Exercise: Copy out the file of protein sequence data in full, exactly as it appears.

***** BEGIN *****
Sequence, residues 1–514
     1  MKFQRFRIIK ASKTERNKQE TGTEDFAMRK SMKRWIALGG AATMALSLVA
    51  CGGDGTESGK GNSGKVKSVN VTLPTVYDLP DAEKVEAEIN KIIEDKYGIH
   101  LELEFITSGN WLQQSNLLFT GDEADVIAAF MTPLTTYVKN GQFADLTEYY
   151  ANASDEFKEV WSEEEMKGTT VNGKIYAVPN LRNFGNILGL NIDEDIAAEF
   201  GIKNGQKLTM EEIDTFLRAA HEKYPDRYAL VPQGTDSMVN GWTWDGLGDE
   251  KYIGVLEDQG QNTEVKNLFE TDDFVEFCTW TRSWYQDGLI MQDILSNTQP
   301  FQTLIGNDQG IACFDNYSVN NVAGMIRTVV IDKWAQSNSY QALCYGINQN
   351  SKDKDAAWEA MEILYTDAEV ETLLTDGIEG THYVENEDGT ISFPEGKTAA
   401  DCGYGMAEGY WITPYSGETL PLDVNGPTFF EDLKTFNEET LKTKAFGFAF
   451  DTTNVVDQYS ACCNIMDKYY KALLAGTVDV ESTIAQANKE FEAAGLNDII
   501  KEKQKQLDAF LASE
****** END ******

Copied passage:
Sequence, residues 1–514
     1  MKFQRFRIIK ASKTERNKQE TGTEDFAMRK SMKRWIALGG AATMALSLVA
    51  CGGDGTESGK GNSGKVKSVN VTLPTVYDLP DAEKVEAEIN KIIEDKYGIH
   101  LELEFITSGN WLQQSNLLFT GDEADVIAAF MTPLTTYVKN GQFADLTEYY
   151  ANASDEFKEV WSEEEMKGTT VNGKIYAVPN LRNFGNILGL NIDEDIAAEF
   201  GIKNGQKLTM EEIDTFLRAA HEKYPDRYAL VPQGTDSMVN GWTWDGLGDE
   251  KYIGVLEDQG QNTEVKNLFE TDDFVEFCTW TRSWYQDGLI MQDILSNTQP
   301  FQTLIGNDQG IACFDNYSVN NVAGMIRTVV IDKWAQSNSY QALCYGINQN
   351  SKDKDAAWEA MEILYTDAEV ETLLTDGIEG THYVENEDGT ISFPEGKTAA
   401  DCGYGMAEGY WITPYSGETL PLDVNGPTFF EDLKTFNEET LKTKAFGFAF
   451  DTTNVVDQYS ACCNIMDKYY KALLAGTVDV ESTIAQANKE FEAAGLNDII
   501  KEKQKQLDAF LASE